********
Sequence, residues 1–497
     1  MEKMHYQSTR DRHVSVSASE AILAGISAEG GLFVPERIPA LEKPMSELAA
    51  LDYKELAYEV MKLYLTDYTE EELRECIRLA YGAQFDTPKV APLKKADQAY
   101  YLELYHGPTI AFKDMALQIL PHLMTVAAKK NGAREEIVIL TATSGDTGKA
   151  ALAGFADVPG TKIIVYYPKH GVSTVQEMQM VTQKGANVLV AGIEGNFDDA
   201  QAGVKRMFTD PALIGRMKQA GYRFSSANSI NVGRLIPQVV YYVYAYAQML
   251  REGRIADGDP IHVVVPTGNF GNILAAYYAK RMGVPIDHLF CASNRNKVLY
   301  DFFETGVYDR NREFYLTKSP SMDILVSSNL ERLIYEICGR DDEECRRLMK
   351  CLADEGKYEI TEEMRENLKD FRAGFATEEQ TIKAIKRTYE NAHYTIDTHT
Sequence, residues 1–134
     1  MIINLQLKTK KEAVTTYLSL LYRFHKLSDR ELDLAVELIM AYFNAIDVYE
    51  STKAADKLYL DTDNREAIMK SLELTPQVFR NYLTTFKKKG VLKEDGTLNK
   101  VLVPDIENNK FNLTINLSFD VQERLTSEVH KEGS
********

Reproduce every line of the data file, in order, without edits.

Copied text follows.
Sequence, residues 1–497
     1  MEKMHYQSTR DRHVSVSASE AILAGISAEG GLFVPERIPA LEKPMSELAA
    51  LDYKELAYEV MKLYLTDYTE EELRECIRLA YGAQFDTPKV APLKKADQAY
   101  YLELYHGPTI AFKDMALQIL PHLMTVAAKK NGAREEIVIL TATSGDTGKA
   151  ALAGFADVPG TKIIVYYPKH GVSTVQEMQM VTQKGANVLV AGIEGNFDDA
   201  QAGVKRMFTD PALIGRMKQA GYRFSSANSI NVGRLIPQVV YYVYAYAQML
   251  REGRIADGDP IHVVVPTGNF GNILAAYYAK RMGVPIDHLF CASNRNKVLY
   301  DFFETGVYDR NREFYLTKSP SMDILVSSNL ERLIYEICGR DDEECRRLMK
   351  CLADEGKYEI TEEMRENLKD FRAGFATEEQ TIKAIKRTYE NAHYTIDTHT
Sequence, residues 1–134
     1  MIINLQLKTK KEAVTTYLSL LYRFHKLSDR ELDLAVELIM AYFNAIDVYE
    51  STKAADKLYL DTDNREAIMK SLELTPQVFR NYLTTFKKKG VLKEDGTLNK
   101  VLVPDIENNK FNLTINLSFD VQERLTSEVH KEGS